Sheep and cattle farmers in the north-west of England and western regions of Scotland and Wales are being warned of the heightened risk of liver fluke disease this autumn.

In its latest parasite forecast, the National Animal Disease Information Service (Nadis) said wet conditions and previous pasture contamination have left areas of western Scotland and Wales and the north-west of England at high risk of liver fluke disease.

Meanwhile, risk of outbreaks in Central and Eastern regions is low.

Sioned Timothy, veterinary advisor at Merial Animal Health, is urging sheep and cattle farmers to remain vigilant, and says preventative treatment for acute liver fluke disease in sheep will almost certainly be required in the high risk areas.

Liver fluke

© Tim Scrivener

Cattle

See also: How to best check your sheep flock for fluke

“In these circumstances, triclabendazole is the most appropriate choice of treatment [for sheep],” says Ms Timothy.

“It is the only product effective against the early immature stage of fluke which causes acute disease.”

She also recommends sheep farmers:

  • Avoid fields known to be contaminated by the parasite
  • Avoid grazing poorly drained ground
  • Split heavier and lighter animals when treating to weigh and dose accordingly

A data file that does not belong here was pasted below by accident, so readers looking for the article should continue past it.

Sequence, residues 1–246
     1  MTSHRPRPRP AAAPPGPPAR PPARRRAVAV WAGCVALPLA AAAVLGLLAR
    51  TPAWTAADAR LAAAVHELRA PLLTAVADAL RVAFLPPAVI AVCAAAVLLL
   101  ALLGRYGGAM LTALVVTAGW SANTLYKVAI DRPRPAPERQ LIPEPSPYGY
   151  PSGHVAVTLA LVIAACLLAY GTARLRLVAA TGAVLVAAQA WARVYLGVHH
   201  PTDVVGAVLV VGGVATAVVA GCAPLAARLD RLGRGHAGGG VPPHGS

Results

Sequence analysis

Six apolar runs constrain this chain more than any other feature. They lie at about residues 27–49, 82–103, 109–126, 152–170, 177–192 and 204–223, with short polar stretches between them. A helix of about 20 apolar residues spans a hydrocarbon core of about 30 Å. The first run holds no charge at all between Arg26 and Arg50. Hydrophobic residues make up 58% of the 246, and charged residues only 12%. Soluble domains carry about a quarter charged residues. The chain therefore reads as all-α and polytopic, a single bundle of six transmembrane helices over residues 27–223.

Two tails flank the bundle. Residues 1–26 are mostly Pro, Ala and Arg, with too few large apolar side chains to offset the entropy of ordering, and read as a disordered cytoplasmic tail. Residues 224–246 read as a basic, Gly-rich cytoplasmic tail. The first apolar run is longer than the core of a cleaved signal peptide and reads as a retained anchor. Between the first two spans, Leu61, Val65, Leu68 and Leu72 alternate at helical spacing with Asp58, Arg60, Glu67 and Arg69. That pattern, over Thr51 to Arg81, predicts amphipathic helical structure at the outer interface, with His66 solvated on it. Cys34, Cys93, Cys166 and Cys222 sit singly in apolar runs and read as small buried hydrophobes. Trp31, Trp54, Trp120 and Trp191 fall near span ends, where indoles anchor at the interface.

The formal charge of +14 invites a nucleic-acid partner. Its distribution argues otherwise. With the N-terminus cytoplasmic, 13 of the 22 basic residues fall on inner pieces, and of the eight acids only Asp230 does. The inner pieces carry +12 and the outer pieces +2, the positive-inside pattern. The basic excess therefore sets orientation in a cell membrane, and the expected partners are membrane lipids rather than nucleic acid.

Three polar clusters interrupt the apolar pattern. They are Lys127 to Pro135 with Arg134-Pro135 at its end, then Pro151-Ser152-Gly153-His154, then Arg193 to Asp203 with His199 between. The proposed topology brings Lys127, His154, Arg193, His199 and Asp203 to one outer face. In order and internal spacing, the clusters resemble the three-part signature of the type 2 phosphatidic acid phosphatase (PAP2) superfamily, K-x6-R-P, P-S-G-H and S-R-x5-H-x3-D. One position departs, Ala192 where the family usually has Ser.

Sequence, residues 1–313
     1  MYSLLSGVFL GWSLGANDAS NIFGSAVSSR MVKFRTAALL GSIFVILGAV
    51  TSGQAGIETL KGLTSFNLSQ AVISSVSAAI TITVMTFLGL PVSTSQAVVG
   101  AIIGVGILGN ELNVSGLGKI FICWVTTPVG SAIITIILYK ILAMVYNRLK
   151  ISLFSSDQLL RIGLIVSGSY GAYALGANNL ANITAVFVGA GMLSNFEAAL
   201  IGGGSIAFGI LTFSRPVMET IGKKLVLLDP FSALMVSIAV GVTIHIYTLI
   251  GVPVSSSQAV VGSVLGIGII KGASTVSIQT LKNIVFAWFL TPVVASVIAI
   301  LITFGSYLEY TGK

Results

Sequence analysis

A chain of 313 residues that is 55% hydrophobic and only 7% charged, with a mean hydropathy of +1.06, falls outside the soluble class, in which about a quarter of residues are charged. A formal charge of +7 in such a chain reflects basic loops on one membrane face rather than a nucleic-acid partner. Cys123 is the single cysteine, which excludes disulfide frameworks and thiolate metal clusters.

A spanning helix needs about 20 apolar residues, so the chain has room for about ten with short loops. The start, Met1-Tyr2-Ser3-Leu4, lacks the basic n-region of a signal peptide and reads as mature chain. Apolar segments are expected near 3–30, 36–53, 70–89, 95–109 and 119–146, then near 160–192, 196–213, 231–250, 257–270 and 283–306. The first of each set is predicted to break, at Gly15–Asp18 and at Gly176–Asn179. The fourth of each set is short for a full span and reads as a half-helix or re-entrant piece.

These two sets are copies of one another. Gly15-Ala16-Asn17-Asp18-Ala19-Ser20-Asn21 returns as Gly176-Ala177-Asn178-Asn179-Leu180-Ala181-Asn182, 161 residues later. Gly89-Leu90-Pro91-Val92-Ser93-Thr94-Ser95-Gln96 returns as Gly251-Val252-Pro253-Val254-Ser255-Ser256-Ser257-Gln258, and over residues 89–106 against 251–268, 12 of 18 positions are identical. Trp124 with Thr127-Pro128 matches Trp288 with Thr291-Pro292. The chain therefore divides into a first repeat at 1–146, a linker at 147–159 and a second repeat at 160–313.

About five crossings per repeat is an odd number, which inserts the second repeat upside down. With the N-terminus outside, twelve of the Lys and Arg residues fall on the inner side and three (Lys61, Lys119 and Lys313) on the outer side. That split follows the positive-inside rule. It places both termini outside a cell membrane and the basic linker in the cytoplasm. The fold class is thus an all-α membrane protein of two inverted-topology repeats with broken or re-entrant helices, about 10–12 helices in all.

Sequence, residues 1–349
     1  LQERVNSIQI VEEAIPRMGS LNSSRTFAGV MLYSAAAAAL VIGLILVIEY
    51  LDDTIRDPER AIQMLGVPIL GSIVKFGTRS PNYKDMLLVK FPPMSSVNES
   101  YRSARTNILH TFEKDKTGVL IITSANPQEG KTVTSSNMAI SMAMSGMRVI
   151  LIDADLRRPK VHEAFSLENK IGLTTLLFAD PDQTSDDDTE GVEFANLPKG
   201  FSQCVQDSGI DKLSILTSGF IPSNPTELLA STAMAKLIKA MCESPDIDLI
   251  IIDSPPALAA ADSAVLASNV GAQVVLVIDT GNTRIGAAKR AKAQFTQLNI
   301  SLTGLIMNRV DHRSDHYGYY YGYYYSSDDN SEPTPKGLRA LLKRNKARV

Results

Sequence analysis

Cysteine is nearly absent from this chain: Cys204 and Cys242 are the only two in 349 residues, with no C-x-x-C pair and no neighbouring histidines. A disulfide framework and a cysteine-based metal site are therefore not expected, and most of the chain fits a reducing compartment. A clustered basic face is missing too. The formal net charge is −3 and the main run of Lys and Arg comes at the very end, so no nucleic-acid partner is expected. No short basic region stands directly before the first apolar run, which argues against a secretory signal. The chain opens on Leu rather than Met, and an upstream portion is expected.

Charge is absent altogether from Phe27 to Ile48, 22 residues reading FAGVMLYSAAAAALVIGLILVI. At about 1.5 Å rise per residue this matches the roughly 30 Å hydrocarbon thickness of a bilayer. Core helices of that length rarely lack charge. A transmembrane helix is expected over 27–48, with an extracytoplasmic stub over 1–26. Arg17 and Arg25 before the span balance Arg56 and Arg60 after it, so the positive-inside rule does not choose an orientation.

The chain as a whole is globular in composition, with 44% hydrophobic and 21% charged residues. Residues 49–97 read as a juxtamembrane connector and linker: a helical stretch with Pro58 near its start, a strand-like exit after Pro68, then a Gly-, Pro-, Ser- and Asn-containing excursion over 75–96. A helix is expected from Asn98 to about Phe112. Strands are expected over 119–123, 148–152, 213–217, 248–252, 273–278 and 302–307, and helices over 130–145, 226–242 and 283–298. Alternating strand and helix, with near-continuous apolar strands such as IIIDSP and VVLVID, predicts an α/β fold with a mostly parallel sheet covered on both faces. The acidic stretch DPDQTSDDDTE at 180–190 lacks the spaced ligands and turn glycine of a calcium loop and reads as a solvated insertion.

“Cattle will also be at risk of fluke infection this autumn though do not typically suffer from the effects of acute fluke,” says Ms Timothy

She recommends cattle farmer use alternative flukicide products, such as nitroxynil or clorsulon, then check animals for the presence of fluke eight to 12 weeks after treatment and, if necessary, dose them again.

“Removing fluke from cattle during the housing period means animals can make the most of winter feed and are less likely to experience checks in growth,” she says.

“Then, when they are turned-out in the spring they won’t immediately recontaminate the pasture with fluke eggs. It’s a win-win situation.”

See also: High liver fluke risk warning issued

She says worm control measures should also be considered for young cattle, particularly those in their first or second grazing season.

Bought-in stock also present a risk and should be quarantined on arrival, she adds.

“All farms must maintain their biosecurity to protect their health status, and prevent the introduction of disease threats including parasites along with new animals.

“Rigorous implementation of a quarantine protocol, developed in conjunction with a vet, will minimise the risk of new parasites and resistant strains being brought on to the farm.”